Forecasting Elections: Voter Intentions Versus Expectations

37 Pages Posted: 14 Jul 2011 Last revised: 17 Oct 2011

See all articles by David M. Rothschild

David M. Rothschild

Microsoft Research - NYC

Justin Wolfers

University of Michigan at Ann Arbor - Department of Economics; University of Michigan at Ann Arbor - Gerald R. Ford School of Public Policy; The University of Sydney - Discipline of Economics; Brookings Institution - Economic Studies Program; Peter G. Peterson Institute for International Economics; National Bureau of Economic Research (NBER); IZA Institute of Labor Economics; Centre for Economic Policy Research (CEPR); CESifo (Center for Economic Studies and Ifo Institute); Kiel Institute for the World Economy

Date Written: July 12, 2011

Abstract

Most pollsters base their election projections off questions of voter intentions, which ask “If the election were held today, who would you vote for?” By contrast, we probe the value of questions probing voters’ expectations, which typically ask: “Regardless of who you plan to vote for, who do you think will win the upcoming election?” We demonstrate that polls of voter expectations yield consistently more accurate forecasts than polls of voter intentions. A small-scale structural model reveals that this is because we are polling from a broader information set, and voters respond as if they had polled ten of their friends. This model also provides a rational interpretation for why respondents’ forecasts are correlated with their expectations. We use our structural model to extract accurate election forecasts from non-random samples.

Keywords: Polling, information aggregation, belief heterogeneity

JEL Classification: C53, D03, D8

Suggested Citation

Rothschild, David M. and Wolfers, Justin, Forecasting Elections: Voter Intentions Versus Expectations (July 12, 2011). Available at SSRN: https://ssrn.com/abstract=1884644 or http://dx.doi.org/10.2139/ssrn.1884644

David M. Rothschild

Microsoft Research - NYC ( email )

641 6th Ave., 7th Floor
New York, NY 10011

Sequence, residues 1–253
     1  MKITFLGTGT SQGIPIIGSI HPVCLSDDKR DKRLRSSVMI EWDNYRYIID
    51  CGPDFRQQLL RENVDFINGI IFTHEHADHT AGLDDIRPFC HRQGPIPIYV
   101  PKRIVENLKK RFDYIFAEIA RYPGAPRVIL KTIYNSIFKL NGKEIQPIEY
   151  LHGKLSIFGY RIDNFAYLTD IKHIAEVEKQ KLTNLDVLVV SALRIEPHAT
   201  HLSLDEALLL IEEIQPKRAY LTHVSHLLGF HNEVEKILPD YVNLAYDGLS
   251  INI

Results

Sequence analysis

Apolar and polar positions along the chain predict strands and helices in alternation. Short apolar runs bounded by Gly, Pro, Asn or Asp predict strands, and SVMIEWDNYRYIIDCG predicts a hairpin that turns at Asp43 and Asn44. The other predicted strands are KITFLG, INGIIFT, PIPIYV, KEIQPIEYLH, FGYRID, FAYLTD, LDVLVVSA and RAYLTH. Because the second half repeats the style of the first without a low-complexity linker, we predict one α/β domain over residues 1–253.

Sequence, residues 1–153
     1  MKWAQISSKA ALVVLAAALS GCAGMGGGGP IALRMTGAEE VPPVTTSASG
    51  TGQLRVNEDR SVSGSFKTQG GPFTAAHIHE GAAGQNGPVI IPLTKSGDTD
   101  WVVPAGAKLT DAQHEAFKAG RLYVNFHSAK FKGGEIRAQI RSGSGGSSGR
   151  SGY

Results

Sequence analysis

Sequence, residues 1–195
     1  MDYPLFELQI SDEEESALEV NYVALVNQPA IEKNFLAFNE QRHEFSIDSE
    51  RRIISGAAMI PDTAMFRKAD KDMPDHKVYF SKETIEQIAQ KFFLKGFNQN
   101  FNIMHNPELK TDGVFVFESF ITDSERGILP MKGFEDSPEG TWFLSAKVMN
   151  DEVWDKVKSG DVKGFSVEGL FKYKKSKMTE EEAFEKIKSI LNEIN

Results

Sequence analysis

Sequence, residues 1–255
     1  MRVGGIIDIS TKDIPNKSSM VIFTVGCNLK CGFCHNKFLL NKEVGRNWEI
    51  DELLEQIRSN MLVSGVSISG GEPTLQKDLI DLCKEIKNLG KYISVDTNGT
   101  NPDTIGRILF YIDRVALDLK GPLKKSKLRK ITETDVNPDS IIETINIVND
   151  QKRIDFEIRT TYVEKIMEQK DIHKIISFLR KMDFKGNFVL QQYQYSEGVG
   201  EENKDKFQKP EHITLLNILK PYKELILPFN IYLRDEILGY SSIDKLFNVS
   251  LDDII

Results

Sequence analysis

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Justin Wolfers (Contact Author)

University of Michigan at Ann Arbor - Department of Economics ( email )

611 Tappan Street
Ann Arbor, MI 48109-1220
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HOME PAGE: http://www.nber.org/~jwolfers

University of Michigan at Ann Arbor - Gerald R. Ford School of Public Policy ( email )

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Ann Arbor, MI 48109
United States
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HOME PAGE: http://www.nber.org/~jwolfers

The University of Sydney - Discipline of Economics ( email )

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Brookings Institution - Economic Studies Program ( email )

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HOME PAGE: http://www.nber.org/~jwolfers

Peter G. Peterson Institute for International Economics ( email )

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National Bureau of Economic Research (NBER) ( email )

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IZA Institute of Labor Economics

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Centre for Economic Policy Research (CEPR)

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CESifo (Center for Economic Studies and Ifo Institute) ( email )

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Kiel Institute for the World Economy ( email )

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Kiel, D-24100
Germany

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